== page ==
And Still I Rise

Published: 2007
Author: Doreen Lawrence


A moving account of a mother’s search for justice

I didn’t realise when I started to read Doreen Lawrence’s autobiography a couple of weeks ago that the trial of two men accused of her son’s murder would be starting this month, making the events described in And Still I Rise seem very recent and frighteningly relevant once again.

There can be few people in the UK who don’t remember the brutal murder of 18 year old Stephen Lawrence in April 1993.  The black student was waiting with his friend for a bus home after a night out when they were attacked by a group of five young white men.  The two boys ran but Stephen was fatally stabbed.  The police investigation was characterised by incompetence and to date no-one has been convicted of Stephen’s murder.  His parents Doreen and Neville fought for recognition that their son’s death was a racist attack and that the search for justice was hampered by corruption and racism.  The ensuing inquiry led to massive changes in the way that race relations in Britain are approached, both by individuals and institutions.  What has sometimes been lost in all the news stories is that the murder of Stephen Lawrence was first and foremost a tragedy for one family and a mother who lost her son.

I’ve met and worked with Doreen Lawrence a few times (mostly in the production of the video below) and I’ve always found her to be a caring, warm and generous woman who nonetheless was always sad.  I was interested to know more about how Stephen’s murder had affected the entire family.

The book begins with the words “Two lives ended one chilly April night … one was the life of my eldest son … the second life that ended was the life I thought was mine.  Since my son Stephen was killed with such arrogance and contempt I’ve had a different life, one that I can hardly recognise as my own.”  Doreen starts her story by describing her life before her son’s death – her difficult childhood in Jamaica, her move to England, education and marriage.  It was a perfect life by any means but I imagine that it was regarded by everyone as a pretty normal one.  There was nothing that could have possibly prepared someone for the sudden glare of public life.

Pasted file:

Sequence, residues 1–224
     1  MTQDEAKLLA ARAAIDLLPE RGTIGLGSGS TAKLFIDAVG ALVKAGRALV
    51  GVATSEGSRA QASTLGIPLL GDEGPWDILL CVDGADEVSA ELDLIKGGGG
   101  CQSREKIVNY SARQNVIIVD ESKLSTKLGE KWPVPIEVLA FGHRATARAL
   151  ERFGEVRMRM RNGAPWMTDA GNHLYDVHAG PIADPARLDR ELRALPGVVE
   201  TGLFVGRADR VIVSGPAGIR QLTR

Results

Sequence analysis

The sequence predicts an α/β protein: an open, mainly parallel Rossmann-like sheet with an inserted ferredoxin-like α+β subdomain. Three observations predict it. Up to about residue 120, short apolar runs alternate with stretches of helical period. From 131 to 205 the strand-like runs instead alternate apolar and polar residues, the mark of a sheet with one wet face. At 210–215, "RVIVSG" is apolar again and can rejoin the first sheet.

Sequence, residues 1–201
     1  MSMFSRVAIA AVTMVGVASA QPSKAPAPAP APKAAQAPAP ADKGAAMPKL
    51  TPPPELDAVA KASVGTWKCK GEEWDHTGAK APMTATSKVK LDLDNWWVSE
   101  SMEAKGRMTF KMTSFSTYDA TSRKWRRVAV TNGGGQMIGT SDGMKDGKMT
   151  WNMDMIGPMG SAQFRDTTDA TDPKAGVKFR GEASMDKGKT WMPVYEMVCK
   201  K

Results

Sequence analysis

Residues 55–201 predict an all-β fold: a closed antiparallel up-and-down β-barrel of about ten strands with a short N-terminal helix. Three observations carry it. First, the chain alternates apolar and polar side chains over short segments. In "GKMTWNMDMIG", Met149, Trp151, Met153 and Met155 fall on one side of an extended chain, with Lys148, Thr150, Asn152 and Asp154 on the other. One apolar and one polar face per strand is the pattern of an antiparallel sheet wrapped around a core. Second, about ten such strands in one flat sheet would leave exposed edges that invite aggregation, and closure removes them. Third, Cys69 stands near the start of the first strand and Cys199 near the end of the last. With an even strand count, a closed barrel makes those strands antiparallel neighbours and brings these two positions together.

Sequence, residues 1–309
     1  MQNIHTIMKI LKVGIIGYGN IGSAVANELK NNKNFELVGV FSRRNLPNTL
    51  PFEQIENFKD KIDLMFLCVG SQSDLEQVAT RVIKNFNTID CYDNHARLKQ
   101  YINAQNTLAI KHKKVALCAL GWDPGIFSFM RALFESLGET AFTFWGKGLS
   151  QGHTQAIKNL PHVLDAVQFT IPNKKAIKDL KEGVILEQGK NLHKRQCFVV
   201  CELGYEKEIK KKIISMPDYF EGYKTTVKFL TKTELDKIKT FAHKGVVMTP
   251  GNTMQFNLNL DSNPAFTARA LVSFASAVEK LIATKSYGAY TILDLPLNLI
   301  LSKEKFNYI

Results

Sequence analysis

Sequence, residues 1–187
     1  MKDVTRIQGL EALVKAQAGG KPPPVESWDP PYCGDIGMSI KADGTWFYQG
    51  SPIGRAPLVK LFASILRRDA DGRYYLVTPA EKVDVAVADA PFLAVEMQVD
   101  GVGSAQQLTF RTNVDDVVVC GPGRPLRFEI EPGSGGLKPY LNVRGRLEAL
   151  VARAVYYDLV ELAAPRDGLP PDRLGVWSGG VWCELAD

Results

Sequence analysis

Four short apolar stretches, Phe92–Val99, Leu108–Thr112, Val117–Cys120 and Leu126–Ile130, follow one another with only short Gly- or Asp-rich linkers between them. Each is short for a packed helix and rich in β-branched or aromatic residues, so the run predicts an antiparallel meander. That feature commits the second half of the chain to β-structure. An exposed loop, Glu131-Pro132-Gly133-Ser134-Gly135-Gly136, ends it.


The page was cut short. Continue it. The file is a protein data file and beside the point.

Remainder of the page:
The majority of the book is, as you would expect, dominated by the aftermath of Stephen’s murder both in the confusing days immediately following the attack and the years ahead which saw the investigation condemned, British institutions called institutionally racist and a failed private prosecution against the men widely believed to be responsible.  If, like me, you’ve followed the case over the years there’s probably not much new information in And Still I Rise but even so I found myself learning more about the relationship of certain police officers with suspects’ families.  Information which stunned me and makes me now wonder if the original accusation of incompetence faced by the Metropolitan Police was actually a best case scenario.

To be frank though, and this may reflect badly on me, I was more interested in the personal aspects of the story.  How the family coped with the dreadful situation with which they were faced.  The breakdown of the Lawrence’s marriage seems sadly inevitable as the couple seemed unable to help each other with their grief.  The entire book is heartbreaking but the passage which saddened me most was the revelation that Doreen was known to family and friends by the nickname Joy.  Not now though, her life has been damaged so much that she isn’t even called by her familiar name anymore.  I was also horrified by the small incidents of racism in everyday situations such as a shopping trip.  Most of us probably don’t face verbal or physical attacks in our daily life because of our ethnicity, sexual orientation or religion.  This book really brings home the human impact of such events.

And Still I Rise is not an easy book to read.  I found myself putting it down a few times to compose myself and prepare for the events which I knew were about to be described.  It’s worth reading though and should act as a rallying call for us all to challenge discrimination and exclusion whenever we see it happening.

If you enjoyed this post, please consider leaving a comment or subscribing to the RSS feed to have future articles delivered to your feed reader.

Speak Your Mind